Batou has the most affection for the tanks, picking out one tank as his "personal unit" and spoiling it with natural oil instead of synthetic. This is what causes his to go haywire later, when the natural oil dissolves some of the proteins in the Tachikoma's AI neurochip. On the other hand, Togusa, the least cyberized of the Section 9 staff, holds a less idealist view: "they're just machines." Aside from leading to an indignant outburst from the Tachikomas (who accuse Togusa of bigotry), it sets up something of an antagonistic relationship between Togusa and the tanks, which is revisited in an episode in season two. Major Motoko Kusanagi holds the most pragmatic view of all. Her only regret following the Tachikomas' suicide attack is that she didn't get a chance to dive their AI, and discover whether or not what they had acquired was really a "ghost". In the manga, she expresses concern over the evolution of the Tachikomas' AI and orders it monitored to catch any undesired emotional developments or an unwanted "rise of the robots."
By the end of the series, the Tachikoma fleet start approaching sapience; all are sent back to the lab for dissection, amidst fears that they are no longer fit for combat duty. It is the use of natural oil in Batou's personal Tachikoma (all other units used synthetic lubricant) that acted as a catalyst for the behavioral anomalies that began to manifest as sapience. Major Kusanagi subsequently bans the use of natural oil prior to the later decision to halt deployment of Tachikomas in field ops.
Three Tachikoma survive the mandatory decommissioning, (one blue, calling itself "Batou's Personal Tachikoma", and two others, repainted yellow and silver) and prove their worth when they abandon their new civilian jobs to save their imperiled comrades, without explicit orders to do so. The silver Tachikoma is destroyed on sight after it rescues Batou from attack by an Armed Suit, a bipedal power-actuated armored exoskeleton. The blue and yellow Tachikoma combine their efforts to save him, and conduct a desperate and ultimately suicidal attack against the Umibozu, while Batou watches from a nearby terrace with a stricken look on his face. This selfless act is the last thing they ever do. Those sent to the lab for structural analysis were restored from backups, their A.I. given a slew of upgrades and loaded into a new fleet, which appears in the second season.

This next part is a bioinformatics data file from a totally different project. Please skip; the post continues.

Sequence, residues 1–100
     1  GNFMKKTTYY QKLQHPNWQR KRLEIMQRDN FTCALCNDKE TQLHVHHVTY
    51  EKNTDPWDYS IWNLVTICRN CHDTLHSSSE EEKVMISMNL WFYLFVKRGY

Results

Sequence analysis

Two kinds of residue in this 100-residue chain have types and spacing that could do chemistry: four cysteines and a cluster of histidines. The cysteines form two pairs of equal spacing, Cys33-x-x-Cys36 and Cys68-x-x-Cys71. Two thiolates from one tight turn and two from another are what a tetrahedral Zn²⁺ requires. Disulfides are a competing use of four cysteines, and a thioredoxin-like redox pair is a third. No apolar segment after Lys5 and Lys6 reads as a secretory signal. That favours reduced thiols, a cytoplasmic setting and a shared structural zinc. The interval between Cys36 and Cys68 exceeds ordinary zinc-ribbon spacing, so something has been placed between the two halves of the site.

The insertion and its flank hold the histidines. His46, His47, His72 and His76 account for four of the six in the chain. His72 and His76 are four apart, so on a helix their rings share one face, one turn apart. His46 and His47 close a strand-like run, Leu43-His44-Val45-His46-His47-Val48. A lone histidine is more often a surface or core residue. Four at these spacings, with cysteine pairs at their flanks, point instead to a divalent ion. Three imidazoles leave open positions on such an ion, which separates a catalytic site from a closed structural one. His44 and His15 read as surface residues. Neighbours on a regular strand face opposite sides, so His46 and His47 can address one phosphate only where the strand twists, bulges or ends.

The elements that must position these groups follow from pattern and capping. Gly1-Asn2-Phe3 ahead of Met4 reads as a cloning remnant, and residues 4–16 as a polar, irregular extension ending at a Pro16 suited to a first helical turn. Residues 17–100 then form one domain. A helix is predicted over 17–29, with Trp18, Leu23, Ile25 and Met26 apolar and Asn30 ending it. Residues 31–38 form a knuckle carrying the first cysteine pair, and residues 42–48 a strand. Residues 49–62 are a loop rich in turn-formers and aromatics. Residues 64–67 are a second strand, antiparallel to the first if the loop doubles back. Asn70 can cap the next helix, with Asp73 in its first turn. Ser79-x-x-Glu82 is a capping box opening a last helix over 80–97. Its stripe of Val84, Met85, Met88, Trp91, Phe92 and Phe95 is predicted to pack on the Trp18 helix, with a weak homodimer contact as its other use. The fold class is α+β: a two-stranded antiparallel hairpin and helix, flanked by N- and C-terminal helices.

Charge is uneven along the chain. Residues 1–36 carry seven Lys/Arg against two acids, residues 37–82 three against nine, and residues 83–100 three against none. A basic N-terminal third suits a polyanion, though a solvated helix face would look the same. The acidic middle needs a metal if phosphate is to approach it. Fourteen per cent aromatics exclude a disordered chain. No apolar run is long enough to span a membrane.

S.A.C. 2nd GIG
In the second season, S.A.C. 2nd GIG, the enforced synchronizations among Tachikomas are limited to essential data only. Motoko Kusanagi allows them to maintain their own personality after the events in the first season. They can still share information and sensation via synchronization should they choose to. The Tachikomas are also outfitted to perform complex networking tasks including net-diving to aid Section 9. Several episodes featured the Tachikomas operating in the net using a representational avatar, instead of their map symbol of a triangle in a circle. It is indicated that while operating within the net, they could not inhabit their physical units.